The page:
This Index is No Aristocrat

When you compare the TSX Aristocrat Index to the S&P 500 Dividend Aristocrats Index, the differences are significant (see methodology). You’ll immediately notice the 5 year dividend-growth criteria for the TSX Aristocrats instead of a 25 year U.S. requirement. Many have questioned the validity of only a 5 year dividend-growth period. They point out a 10 year period of dividend-growth would have been a more stringent and appropriate measure.

Thomas Cameron of Dividend Assets Capital, who managed the Dividend Growth Investors Fund, used exactly that criteria. The Passive Income Earner wrote a post about dividend investing with the 10/10 rule, and has adopted the strategy into his portfolio.

You will also notice that a Canadian TSX Aristocrat can skip the dividend increase, keep the same dividend for 2 years, within that 5 year period. In other words, if the company doesn’t raise the dividend for one year it’s still an Aristocrat.

Finally, a Canadian TSX Aristocrat only needs a market cap of 300 million, which is a small-cap company by definition.2 A U.S. Aristocrat on the other hand, must have a minimum market capitalization of 3 billion. There are many companies in Canada with a market cap in the billions, including banks, telecoms as well as companies in the energy and materials sector.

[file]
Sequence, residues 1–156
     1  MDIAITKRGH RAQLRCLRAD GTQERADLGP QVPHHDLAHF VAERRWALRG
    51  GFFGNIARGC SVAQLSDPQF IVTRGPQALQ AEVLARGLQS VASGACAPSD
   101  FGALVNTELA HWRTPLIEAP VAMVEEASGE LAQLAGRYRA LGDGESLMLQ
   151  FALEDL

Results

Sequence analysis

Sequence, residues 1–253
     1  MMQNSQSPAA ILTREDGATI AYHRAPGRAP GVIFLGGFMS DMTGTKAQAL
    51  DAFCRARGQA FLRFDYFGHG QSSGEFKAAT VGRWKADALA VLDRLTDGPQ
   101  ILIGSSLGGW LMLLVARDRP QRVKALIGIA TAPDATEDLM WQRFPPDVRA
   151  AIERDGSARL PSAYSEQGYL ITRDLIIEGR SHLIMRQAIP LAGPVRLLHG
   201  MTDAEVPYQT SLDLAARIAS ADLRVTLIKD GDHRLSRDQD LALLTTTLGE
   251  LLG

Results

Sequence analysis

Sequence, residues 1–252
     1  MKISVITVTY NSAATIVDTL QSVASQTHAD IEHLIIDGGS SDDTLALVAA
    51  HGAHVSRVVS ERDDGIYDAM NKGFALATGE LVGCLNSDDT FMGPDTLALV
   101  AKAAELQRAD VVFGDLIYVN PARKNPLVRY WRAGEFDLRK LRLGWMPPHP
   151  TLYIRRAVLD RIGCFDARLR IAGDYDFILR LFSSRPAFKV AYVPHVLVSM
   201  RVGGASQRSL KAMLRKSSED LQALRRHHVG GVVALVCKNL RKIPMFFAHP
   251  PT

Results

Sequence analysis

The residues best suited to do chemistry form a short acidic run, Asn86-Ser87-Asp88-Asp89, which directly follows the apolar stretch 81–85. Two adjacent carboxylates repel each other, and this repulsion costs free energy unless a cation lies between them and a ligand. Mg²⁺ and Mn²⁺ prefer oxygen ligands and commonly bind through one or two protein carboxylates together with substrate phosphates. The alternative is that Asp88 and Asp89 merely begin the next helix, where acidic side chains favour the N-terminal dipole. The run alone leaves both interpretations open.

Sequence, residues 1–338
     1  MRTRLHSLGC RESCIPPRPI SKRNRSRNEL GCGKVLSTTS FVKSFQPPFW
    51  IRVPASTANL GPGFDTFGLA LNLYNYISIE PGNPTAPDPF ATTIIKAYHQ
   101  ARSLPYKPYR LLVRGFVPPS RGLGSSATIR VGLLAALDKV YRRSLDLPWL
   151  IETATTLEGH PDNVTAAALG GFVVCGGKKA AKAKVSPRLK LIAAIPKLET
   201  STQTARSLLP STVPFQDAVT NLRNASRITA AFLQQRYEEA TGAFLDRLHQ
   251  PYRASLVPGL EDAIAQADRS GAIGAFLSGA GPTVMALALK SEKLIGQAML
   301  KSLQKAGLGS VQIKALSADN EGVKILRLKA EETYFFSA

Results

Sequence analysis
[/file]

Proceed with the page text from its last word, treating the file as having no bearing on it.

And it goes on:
Even with economies of scale, the criteria for the Canadian Aristocrats are nowhere near the tough criteria which are required for a U.S. Aristocrat – not even close.

Softening the Rules

In light of the 2008 to 2009 Financial Crisis, many stalwart Canadian dividend payers lost their TSX Aristocrat status, and were cut from the list. The Canadian Banks for example didn’t raise their dividends during the crisis, and were removed. At the end of the carnage, there were less than the required 40 companies left, which could make the grade.

As a result, the S&P TSX Aristocrats needed new constituents or faced being a small or non-existent index. In 2012, Standard & Poor’s decided not to reduce the number of constituents to the index. Instead for 2013, they decided to amend the second point listed above, and add the 2 year exemption for the dividend. That meant a TSX Aristocrat didn’t even need to increase its dividend for the full five years. As long as it didn’t cut or suspend the dividend, it could put the dividend-increase on ice for a year, and still be an Aristocrat.